Do you work with Postgres on a daily basis? Write application code that talks to Postgres? Then check out the bite-sized SQL snippets below that can help you work faster!
Insert Multiple Rows In One Statement
The INSERT statement can insert more than one row in a single statement:
Read more about what INSERT can do here.
Insert a Row and Return Automatically-assigned Values
Values auto-generated with DEFAULT/serial/IDENTITY constructs can be returned by the INSERT statement using the RETURNING clause. From the application code perspective, such an INSERT is executed like a SELECT that returns a recordset.
Autogenerated UUID Primary Keys
UUIDs are sometimes used instead of primary keys for various reasons. Here is how you can use an UUID instead of a serial or IDENTITY:
Insert If Not Existing, Update Otherwise
In Postgres 9.5 and later, you can upsert directly using the ON CONFLICT construct:
Copy Rows From One Table Into Another
The INSERT statement has a form where the values can be supplied by a SELECT statement. Use this to copy rows from one table into another:
If you’re looking to bulk-load tables, also check out the COPY command, which can be used to insert rows from a text or CSV file.
Delete and Return Deleted Information
You can use the
RETURNING clause to return values from the rows that were
deleted using a bulk-delete statement:
Move Rows From One Table Into Another
You can move rows from one table to another in a single statement, by using CTEs with DELETE .. RETURNING:
Update Rows and Return Updated Values
The RETURNING clause can be used in UPDATEs too. Note that only the new values of the updated columns can be returned this way.
If you need the original value of the updated columns: it is possible through a
self-join, but there is no guarantee of atomicity. Try using a
SELECT .. FOR
Update a Few Random Rows and Return The Updated Ones
Here’s how you can choose a few random rows from a table, update them and return the updated ones, all in one go:
Create a Table Just Like Another Table
Use the CREATE TABLE .. LIKE construct to create a table with the same columns as another:
By default this does not create similar indexes, constraints, defaults etc. To do that, ask Postgres explicitly:
See the full syntax here.
Extract a Random Set of Rows Into Another Table
Since Postgres 9.5, the TABLESAMPLE feature is available to extract a sample of rows from a table. There are two sampling methods currently, and bernoulli is usually the one you want:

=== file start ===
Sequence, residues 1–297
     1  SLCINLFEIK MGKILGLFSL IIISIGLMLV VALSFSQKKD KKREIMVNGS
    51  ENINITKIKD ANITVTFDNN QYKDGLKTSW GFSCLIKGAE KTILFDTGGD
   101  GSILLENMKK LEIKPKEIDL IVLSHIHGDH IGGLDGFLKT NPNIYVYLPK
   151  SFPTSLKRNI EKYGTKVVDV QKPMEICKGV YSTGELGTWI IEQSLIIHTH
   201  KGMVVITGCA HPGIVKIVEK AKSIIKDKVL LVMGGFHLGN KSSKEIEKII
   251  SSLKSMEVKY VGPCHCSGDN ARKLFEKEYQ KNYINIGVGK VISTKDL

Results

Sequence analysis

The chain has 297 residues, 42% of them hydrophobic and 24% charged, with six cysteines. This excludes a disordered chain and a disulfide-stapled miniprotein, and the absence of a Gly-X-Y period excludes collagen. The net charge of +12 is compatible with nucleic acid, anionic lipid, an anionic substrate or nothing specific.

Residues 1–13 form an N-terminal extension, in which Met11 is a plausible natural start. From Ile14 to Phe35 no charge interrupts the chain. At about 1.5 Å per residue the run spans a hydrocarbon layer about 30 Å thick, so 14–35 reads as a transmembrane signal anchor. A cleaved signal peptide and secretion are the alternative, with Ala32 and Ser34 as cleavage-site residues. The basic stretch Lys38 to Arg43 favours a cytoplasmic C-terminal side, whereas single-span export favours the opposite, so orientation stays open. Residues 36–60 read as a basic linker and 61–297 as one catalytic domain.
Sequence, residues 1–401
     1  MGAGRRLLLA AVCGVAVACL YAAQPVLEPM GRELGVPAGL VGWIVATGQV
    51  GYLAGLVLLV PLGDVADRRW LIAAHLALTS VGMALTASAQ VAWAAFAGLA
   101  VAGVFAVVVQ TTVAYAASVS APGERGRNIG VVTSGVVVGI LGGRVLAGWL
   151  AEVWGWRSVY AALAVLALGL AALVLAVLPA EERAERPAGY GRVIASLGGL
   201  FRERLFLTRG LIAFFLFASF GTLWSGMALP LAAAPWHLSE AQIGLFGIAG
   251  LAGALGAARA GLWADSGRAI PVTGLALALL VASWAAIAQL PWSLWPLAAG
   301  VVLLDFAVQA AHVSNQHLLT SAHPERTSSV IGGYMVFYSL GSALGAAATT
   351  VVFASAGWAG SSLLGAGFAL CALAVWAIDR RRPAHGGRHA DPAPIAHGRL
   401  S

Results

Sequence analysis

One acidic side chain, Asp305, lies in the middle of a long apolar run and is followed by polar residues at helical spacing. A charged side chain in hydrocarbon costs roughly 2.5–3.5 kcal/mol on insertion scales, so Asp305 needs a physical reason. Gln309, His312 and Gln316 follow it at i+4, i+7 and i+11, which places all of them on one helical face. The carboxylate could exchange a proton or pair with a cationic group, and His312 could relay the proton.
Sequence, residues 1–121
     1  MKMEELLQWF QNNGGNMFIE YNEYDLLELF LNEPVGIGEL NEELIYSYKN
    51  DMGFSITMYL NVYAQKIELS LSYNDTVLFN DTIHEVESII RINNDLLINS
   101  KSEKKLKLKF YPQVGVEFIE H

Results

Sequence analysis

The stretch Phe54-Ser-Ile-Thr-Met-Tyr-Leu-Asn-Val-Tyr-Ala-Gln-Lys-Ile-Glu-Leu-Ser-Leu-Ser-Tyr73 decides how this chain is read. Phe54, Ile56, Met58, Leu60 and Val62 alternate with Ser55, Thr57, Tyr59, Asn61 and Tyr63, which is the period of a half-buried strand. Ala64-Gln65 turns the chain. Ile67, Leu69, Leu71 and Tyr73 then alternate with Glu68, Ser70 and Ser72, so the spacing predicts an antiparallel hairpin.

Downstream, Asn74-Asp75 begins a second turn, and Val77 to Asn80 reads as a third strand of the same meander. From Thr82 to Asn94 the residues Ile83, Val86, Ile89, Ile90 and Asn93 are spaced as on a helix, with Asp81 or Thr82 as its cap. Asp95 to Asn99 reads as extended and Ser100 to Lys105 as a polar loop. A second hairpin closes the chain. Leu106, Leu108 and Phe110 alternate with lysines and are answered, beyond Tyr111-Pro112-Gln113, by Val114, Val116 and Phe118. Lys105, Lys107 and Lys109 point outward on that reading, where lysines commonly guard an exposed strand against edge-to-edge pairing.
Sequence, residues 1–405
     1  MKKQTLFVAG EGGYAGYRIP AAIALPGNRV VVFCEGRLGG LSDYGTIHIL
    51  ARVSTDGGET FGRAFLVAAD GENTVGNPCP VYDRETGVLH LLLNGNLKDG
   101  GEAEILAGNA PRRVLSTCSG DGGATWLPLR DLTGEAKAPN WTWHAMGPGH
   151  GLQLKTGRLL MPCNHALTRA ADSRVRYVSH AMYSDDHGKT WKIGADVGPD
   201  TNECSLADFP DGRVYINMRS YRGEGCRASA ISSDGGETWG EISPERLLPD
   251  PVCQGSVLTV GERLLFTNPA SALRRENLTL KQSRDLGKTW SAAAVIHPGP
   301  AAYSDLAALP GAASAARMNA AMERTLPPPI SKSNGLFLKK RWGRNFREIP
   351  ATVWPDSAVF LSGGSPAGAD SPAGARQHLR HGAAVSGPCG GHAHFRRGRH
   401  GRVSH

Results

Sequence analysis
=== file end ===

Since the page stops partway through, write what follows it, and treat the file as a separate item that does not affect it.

The system tablesampling method is faster, but does not return a uniform distribution. See the docs for more info.
Create a Table From a Select Query
You can use the CREATE TABLE .. AS construct to create the table and populate it from a SELECT query, all in one go:
The resultant table is like a materialized view without a query associated with it. Read more about CREATE TABLE .. AS here.
Create Unlogged Tables
Unlogged tables are not backed by WAL records. This means that updates and deletes to such tables are faster, but they are not crash-tolerant and cannot be replicated.
Create Temporary Tables
Temporary tables are implicitly unlogged tables, with a shorter lifetime. They automatically self-destruct at the end of a session (default), or at the end of the transaction.
Data within temporary tables cannot be shared across sessions. Multiple sessions can create temporary tables with the same name.
Comments can be added to any object in the database. Many tools, including pg_dump, understand these. A useful comment might just avoid a ton of trouble during cleanup!
Advisory locks can be used to co-ordinate actions between two apps connected to the same database. You can use this feature to implement a global, distributed mutex for a certain operation, for example. Read all about it here in the docs.
Aggregate Into Arrays, JSON Arrays or Strings
Postgres provides aggregate functions that concatenate values in a GROUP to yield arrays, JSON arrays or strings:
Aggregates With Order